The University of Western Australia (UWA) is well on the way to raising $25 million for a new Business School, and Peter Leunig explains why the university’s efforts exhibit all the hallmarks of a textbook capital campaign.

The University of Western Australia (UWA) is well on the way to raising $25 million for a new Business School, and Peter Leunig explains why the university’s efforts exhibit all the hallmarks of a textbook capital campaign.

Visionary leadership, an inspirational project, willing and able volunteers, and thorough planning have been the foundations of UWA’s successful Business School capital campaign.

Vision and Institutional Buy-in

Vice-chancellor Professor Alan Robson set a bold vision for the school with a new strategy and business plan under the leadership of Tracey Horton, Dean of the Faculty of Business.

The plan called for positioning UWA’s Business School as one of the most influential business institutions across Australia and Asia, specifically through the construction of a new building and the establishment of a Futures Fund to support high level research, academic appointments and scholarships.

The undergraduate and postgraduate schools were also to be integrated (a feat in itself) to create a world-class teaching, learning and research facility with a projected 30% increase in student enrolment over the next ten years.

By making the development of the Business School integral to the university’s overall strategic plan and goals, the ensuing capital campaign had the enthusiastic support of the university’s senior executive and senate. This top down, institutional-wide commitment was vital.

Powerful Volunteers Recruited

The project attracted an enviable “who’s who” list of influential alumni and corporate members from the local, national and international community.

A new board for the Business School was created with prominent businessman Mark Barnaba of Azure Capital as its chair. Other members include Wesfarmers board member and chair of UWA’s Senate Development Committee, Dr Tony Howarth AO, Wesfarmers chief, Richard Goyder, Woodside managing director and chief executive, Don Voelte, former Alinta chairman and investment banker, John Poynton AM, CSL director and Reserve Bank board member, John Akehurst, and leading scientist, Clinical Professor Fiona Wood AM.

This powerhouse of community leaders provide strategic direction and have ensured that relevant and meaningful connections were made with industry. They have also brought profile to the project and attracted an influential and active fundraising committee.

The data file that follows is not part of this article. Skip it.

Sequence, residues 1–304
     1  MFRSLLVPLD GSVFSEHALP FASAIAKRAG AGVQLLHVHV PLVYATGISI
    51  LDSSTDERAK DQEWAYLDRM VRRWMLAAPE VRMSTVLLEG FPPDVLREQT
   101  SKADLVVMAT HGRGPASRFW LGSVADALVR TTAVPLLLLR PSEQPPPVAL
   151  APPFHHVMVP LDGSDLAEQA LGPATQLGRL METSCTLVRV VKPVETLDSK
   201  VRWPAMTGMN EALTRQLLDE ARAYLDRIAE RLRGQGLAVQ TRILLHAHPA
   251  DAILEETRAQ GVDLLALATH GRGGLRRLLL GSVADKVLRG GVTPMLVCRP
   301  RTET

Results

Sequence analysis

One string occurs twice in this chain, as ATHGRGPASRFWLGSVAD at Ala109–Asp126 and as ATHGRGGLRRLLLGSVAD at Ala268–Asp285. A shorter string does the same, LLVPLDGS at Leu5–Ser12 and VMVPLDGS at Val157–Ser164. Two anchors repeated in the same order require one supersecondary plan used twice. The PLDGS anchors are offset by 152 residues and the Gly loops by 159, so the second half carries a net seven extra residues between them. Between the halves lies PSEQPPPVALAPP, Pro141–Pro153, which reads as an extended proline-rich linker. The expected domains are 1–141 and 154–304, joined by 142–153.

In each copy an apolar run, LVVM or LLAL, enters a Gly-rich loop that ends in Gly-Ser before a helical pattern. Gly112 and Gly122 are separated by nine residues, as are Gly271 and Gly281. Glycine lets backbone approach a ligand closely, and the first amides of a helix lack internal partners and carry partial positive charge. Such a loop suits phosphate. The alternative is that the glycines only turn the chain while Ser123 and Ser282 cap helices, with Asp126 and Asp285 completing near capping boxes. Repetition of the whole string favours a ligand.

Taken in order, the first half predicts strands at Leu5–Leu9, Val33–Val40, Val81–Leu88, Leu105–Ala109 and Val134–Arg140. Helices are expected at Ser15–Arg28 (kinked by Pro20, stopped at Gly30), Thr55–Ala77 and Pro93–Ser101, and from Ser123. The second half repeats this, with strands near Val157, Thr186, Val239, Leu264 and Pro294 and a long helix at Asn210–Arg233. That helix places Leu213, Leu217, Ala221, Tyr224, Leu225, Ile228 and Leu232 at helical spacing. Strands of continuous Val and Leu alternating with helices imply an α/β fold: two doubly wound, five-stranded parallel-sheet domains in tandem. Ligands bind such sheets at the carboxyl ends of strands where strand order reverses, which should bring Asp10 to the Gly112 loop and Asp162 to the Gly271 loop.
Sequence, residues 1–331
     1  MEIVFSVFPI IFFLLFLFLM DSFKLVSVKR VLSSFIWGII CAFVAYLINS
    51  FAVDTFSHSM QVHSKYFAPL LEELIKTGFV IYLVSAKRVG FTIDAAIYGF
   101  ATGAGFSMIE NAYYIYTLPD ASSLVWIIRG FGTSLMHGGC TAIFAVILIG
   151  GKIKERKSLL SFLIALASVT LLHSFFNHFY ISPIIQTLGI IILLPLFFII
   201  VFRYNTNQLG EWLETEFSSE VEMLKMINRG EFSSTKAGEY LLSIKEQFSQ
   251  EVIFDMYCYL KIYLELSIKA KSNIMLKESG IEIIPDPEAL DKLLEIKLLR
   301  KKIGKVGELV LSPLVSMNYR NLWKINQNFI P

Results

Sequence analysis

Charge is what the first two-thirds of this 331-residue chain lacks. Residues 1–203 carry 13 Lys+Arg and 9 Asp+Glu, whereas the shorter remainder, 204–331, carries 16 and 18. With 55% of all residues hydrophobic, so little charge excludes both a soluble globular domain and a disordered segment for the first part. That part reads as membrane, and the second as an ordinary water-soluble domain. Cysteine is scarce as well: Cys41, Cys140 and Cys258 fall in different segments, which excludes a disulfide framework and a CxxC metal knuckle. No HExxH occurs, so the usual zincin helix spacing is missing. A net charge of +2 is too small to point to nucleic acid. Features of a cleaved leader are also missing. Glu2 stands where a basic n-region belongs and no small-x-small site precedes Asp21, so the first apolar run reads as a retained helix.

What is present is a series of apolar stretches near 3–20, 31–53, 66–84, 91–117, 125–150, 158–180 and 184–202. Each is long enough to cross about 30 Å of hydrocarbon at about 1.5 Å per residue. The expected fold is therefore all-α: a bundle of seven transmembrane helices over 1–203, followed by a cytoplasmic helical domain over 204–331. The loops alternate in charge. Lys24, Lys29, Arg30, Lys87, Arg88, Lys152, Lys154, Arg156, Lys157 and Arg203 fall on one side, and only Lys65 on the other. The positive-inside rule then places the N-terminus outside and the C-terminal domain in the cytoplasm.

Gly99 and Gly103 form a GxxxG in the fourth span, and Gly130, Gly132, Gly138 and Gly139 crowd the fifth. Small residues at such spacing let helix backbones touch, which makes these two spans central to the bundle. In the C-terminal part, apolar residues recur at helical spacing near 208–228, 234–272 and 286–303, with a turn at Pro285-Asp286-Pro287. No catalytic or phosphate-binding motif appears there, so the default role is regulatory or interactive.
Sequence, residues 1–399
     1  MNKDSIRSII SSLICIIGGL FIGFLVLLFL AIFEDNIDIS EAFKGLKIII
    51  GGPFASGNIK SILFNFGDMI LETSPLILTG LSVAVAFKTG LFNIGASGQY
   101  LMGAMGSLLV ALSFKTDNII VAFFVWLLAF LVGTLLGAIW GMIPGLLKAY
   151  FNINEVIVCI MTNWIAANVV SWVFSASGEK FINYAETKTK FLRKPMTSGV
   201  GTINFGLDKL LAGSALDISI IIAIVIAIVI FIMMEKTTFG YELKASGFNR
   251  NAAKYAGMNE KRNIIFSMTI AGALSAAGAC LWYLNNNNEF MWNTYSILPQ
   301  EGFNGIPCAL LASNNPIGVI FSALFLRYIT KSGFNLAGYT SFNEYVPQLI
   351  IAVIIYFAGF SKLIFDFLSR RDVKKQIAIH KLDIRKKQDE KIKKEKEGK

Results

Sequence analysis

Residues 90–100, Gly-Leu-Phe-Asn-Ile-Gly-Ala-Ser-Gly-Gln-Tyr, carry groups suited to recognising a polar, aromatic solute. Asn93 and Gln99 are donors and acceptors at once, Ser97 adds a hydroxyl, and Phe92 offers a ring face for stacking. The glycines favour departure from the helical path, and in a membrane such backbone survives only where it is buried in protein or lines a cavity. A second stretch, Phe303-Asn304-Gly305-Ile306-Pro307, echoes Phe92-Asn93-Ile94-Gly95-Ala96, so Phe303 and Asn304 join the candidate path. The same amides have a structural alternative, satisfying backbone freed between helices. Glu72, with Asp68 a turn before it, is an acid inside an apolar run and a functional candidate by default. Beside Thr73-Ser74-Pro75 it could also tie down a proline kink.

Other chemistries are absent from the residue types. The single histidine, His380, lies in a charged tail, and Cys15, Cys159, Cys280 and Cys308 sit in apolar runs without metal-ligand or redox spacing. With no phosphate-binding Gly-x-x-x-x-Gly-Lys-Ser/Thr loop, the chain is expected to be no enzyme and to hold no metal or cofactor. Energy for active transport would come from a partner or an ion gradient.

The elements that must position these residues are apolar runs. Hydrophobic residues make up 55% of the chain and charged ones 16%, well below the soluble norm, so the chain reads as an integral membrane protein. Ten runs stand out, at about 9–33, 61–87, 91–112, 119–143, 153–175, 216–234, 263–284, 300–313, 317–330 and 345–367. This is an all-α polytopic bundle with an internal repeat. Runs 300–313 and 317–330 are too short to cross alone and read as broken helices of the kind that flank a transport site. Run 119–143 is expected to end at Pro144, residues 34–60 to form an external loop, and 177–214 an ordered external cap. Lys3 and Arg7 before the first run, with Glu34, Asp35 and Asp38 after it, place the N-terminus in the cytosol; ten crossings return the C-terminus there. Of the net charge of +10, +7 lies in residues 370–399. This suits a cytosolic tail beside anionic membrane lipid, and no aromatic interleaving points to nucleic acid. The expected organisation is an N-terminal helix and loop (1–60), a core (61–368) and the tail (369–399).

Chaired by Dr Howarth, the fundraising committee is a force to be reckoned with in itself. Its patron is Wesfarmers chairman, Trevor Eastwood AM, and other members include John Poynton, Mark Barnaba, and leading property developer Adrian Fini, who also heads up the wider WA fundraising committee.

Overseas chapters of the fundraising committee are chaired by UWA graduates under the guidance of Former British Airways chief executive and Newscorp director Sir Rod Eddington. Mr Brad Rosser is the London representative, while businessman John Willinge is UWA’s man in America.

Planning and Infrastructure

Although the campaign began in March 2004, much planning occurred for some years prior to the launch. An initial feasibility study recommended a fundraising goal of $10 million, but as plans developed this increased to $15 million and then $25 million.

Rhonda Flottman was appointed as campaign manager in March 2004, and it was at that point that everybody understood the university was serious. Rhonda immediately got to work skilfully weaving the objectives and plans together, and supporting the various stakeholders.

This involved widespread research and consultation with board members, the fundraising committee and the faculty executive to shape the campaign plan and produce extensive prospect lists. Using the expert knowledge and advice of staff and colleagues helped to foster a sense of ownership and built enthusiasm for the campaign at all levels. Then, as leadership gifts were secured, and the vision shared, it seemed natural for more volunteers and donors to come on board.

The fundraising plan called for partnering with large corporate sponsors, securing major philanthropic gifts from individual donors, and medium to smaller contributions from alumni and friends.

A series of private dinners hosted by board and fundraising committee members in conjunction with the vice-chancellor and dean have helped to cultivate major prospects.

Naming rights for lecture theatres and rooms, Professorial Chairs and other acknowledgement benefits have been offered to donors.

Campaign Wrap

To date $18 million has been raised from just over 100 donors. Supporters have made one-off gifts or pledges over 3-5 years, and the top gift was $5 million. The campaign will finish on target in mid-2008 to coincide with the launch of the new building.

The success of the UWA Business School campaign can be attributed to several key ingredients: institutional commitment from the top down; a dedicated blue chip board and fundraising committee who were prepared to make a significant personal contribution and then go out and ask; a visionary and skilled dean who understands the value of relationship building; and a professional and dedicated campaign team, backed up by a proficient and mature central development operation.

Peter Leunig was until recently the director of development at UWA. He has now taken up the post of executive director institutional advancement at Macquarie University.